Mar 16, 2016 | Full Review…

The time for analysis and evaluation is over. It's time to act, and how this family moves forward remains the most intriguing mystery of all.

Mar 16, 2016 | Rating: A | Full Review…
Top Critic

The Americans is one of TV's best drama series, if not the best, and it's also one of the most challenging. There are details to remember, nuances to catch and morality to ponder.

Mar 16, 2016 | Rating: 4/4 | Full Review…

This is a television show at the very peak of its powers, confident and controlled. The cast and crew have done their part - your assignment, should you choose to accept it, is simply to tune in. You won't regret it.

Mar 16, 2016 | Full Review…
Top Critic

Relying on interpersonal interactions and the relationships they've built over time has given the audience a reason to invest in every character on the show.

Oct 10, 2018 | Rating: 4/4 | Full Review…

Most of the time it feels like I'm watching chess. The pieces are logically moving into place, in anticipation for those big moments in the plot and character development.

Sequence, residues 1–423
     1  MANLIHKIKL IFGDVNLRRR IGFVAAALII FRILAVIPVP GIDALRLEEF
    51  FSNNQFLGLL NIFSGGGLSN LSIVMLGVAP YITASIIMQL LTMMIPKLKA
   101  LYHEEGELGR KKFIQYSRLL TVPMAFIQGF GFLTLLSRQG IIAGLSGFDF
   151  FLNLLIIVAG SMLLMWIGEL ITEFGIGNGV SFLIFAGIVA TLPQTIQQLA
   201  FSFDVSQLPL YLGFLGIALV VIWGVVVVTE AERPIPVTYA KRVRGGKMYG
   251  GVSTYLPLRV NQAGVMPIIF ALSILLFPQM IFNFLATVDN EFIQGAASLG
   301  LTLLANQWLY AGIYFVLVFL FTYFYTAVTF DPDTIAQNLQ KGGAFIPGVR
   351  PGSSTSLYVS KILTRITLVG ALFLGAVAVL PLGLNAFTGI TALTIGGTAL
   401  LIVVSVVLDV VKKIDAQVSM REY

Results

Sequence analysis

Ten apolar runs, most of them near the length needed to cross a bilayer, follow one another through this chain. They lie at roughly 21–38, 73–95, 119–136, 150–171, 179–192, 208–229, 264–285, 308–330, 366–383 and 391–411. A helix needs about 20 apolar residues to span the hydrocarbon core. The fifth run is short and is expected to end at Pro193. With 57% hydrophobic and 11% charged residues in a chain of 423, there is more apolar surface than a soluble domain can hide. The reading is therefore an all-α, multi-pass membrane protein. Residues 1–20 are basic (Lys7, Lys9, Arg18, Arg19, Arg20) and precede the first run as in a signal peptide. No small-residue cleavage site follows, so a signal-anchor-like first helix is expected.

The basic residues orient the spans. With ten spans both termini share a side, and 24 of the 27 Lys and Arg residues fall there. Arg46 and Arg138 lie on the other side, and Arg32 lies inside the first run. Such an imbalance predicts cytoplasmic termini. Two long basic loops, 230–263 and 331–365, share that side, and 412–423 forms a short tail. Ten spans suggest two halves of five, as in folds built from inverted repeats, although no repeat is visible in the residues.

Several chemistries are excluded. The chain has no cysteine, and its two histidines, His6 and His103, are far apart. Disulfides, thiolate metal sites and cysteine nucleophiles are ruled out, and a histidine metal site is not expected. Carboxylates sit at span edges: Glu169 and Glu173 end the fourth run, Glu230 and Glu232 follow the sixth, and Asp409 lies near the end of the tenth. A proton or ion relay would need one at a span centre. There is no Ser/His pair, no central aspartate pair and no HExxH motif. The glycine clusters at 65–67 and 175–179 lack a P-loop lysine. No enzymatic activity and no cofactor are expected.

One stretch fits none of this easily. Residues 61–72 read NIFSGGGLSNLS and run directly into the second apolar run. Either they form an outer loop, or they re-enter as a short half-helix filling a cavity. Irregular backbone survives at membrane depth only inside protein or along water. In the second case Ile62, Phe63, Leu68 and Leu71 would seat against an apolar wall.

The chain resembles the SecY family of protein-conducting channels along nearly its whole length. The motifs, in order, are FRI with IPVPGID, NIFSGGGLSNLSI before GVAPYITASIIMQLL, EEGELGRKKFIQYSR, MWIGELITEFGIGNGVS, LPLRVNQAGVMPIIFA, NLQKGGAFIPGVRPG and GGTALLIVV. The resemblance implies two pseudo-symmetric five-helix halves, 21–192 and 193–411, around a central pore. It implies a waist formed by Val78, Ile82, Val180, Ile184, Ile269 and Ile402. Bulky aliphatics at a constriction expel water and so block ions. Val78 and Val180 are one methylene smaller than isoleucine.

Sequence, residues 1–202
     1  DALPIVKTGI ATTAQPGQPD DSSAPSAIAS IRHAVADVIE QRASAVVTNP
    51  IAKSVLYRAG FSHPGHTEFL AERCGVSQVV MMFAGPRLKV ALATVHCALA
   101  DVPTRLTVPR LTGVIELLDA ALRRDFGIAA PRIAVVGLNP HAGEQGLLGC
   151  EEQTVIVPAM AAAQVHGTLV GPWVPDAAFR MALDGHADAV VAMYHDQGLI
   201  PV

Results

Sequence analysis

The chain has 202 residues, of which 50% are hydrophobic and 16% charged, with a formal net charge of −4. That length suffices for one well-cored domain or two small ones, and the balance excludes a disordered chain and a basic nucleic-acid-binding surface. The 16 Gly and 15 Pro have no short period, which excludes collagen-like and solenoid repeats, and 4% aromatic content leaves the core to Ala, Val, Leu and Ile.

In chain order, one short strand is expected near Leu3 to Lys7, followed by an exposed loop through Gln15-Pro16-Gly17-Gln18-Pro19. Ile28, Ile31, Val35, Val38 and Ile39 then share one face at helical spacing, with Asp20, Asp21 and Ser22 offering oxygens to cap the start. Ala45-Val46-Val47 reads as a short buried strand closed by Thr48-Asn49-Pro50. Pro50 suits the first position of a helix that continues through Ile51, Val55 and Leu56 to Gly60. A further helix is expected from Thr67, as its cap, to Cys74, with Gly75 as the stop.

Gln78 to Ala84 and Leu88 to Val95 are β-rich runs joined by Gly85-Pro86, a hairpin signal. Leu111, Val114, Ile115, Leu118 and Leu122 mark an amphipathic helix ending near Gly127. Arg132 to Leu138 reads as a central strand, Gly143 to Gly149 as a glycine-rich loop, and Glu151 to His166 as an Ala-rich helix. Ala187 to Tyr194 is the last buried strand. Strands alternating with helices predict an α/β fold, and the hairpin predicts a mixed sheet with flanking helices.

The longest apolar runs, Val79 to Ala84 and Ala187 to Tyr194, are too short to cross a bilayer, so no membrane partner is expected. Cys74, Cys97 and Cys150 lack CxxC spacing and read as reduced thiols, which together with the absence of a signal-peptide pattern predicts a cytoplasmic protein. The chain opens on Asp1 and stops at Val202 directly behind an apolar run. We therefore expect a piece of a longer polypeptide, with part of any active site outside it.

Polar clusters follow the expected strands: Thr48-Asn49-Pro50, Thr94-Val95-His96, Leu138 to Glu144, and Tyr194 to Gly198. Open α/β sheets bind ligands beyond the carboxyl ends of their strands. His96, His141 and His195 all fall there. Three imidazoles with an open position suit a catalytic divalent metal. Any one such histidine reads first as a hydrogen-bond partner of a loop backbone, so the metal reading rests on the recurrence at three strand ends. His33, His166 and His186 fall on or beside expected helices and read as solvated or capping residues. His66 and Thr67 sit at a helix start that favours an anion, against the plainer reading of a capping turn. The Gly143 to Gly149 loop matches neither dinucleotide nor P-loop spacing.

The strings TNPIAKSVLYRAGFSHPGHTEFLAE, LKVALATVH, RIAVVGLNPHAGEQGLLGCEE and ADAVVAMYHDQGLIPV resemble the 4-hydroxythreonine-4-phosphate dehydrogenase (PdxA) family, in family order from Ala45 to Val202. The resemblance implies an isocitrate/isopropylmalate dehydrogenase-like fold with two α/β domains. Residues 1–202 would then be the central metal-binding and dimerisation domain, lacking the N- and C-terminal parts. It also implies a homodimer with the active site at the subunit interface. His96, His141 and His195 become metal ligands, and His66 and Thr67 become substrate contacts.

Aug 31, 2018 | Full Review…

The Americans has managed to create a universe presided over by a tension that goes more season after season. [Full Review in Spanish]

Jul 11, 2018 | Full Review…

The fourth and, by far, most compelling, understands that national-security concerns during the Cold War were determined to a large extent by the bogeymen that haunted nations in their sleep.

Apr 16, 2018 | Full Review…

Audience Reviews for The Americans: Season 4

  • Jan 11, 2019
    With its fourth season, The Americans continues to deliver top-tier spy drama while sending its characters in directions that threaten to destroy their freedoms - and their lives.
  • Sep 24, 2018
    Do I really need to keep saying it at this point the Americans is the best drama on television.
  • May 25, 2018
    The Americans gets better every season.
  • Mar 22, 2018